Today as I was skimming the stories on the Mamamia website, I came across one that jumped out at me because it had the word “vegan” in it. Now Mamamia is well-known for being anti-natural medicine and seems to crusade against anyone who encourages people to live a healthier lifestyle – so I wasn’t expecting an article that said anything positive about veganism – and I was right.
The post is titled “UNPOPULAR OPINION: ‘Veganism is a first-world luxury. There, I’ve said it.’ Obviously this was an opinion piece and a dig at the writer’s vegan friend who threw a hissy fit over the white sugar she was served at a restaurant because it was likely processed using animal products (they must be America because we don’t use the process discussed in the article here in Australia) – but even in an opinion piece, surely the writer has a responsibility to have enough information about the subject matter they are writing about, to actually have an opinion?
In this case it was diabolical. The writer was attempting to argue that because we live in a first-world country and are not eating what is in our immediate environment just to survive, veganism is a luxury and therefore vegans should stop trying to assert that meat eating is unethical. But her argument is completely unsound. As hundreds of people have pointed out in the comments section of the article – it is meat eating that is a luxury in the first-world, and due to the overwhelming demand for this luxury item, inhumane practices such as factory-farming, piggeries, battery hens, live exports and environmental destruction have been the result.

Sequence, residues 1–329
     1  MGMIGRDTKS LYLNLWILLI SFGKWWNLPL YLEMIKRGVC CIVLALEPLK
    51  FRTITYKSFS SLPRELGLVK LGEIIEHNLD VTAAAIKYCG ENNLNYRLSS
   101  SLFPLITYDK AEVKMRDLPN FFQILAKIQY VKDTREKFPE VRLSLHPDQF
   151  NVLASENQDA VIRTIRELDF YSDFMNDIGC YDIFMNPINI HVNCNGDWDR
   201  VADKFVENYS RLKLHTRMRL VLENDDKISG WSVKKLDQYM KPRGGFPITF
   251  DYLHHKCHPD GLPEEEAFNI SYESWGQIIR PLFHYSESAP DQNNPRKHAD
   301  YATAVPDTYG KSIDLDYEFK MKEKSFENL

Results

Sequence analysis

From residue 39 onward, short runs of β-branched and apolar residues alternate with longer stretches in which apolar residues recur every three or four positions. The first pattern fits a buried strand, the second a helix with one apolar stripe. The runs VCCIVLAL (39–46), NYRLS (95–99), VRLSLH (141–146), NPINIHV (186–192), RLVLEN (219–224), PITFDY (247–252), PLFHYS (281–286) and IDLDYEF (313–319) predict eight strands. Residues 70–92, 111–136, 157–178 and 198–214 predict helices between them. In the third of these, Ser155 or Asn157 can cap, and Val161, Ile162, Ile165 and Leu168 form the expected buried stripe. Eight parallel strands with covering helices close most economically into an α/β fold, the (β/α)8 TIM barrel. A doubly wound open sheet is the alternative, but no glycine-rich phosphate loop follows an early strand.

In the article the writer implies that vegans only care about animals and that instead, they should be eating meat and putting their energies into feeding the starving people of the world like meat-eaters do. Except meat-eating is a major contributor to starvation. So that makes her ridiculous argument completely defunct. It is the first-world’s predilection for consuming vast quantities of animal products that leads to massive amounts of grain being grown purely for livestock consumption, the waste of millions of tonnes of water each year, and for rainforest clearing to graze animals for food. If the grain harvested to feed livestock was fed to humans instead, we could eliminate world-hunger.
The issues of world hunger are much bigger than the choice to eat a mainly plant-based lifestyle – there are politics, corruption, greed, war, terrorism and environmental events that play a huge role in third-world countries not being able to feed themselves. But the demand for eating meat is right up there as a major contributor to world hunger. I don’t think vegan activism is directed towards people in starving countries eating whatever they can get their hands on. That is not the point. The point is that we, in first-world countries who do have all the food choices under the sun with which to nourish ourselves, keep choosing foods that cause immense harm.
As the author states: “When you’re vegan in a developed country like Australia, the fact that you have consistent access to foods that nourish you — and can therefore choose what to put on your plate — means you have a food and class privilege that others simply do not. Put that way, it’s a bit of a douche move to assert that it’s unethical for humans to consume animal products, right?” Sorry no. You are wrong, very, very wrong.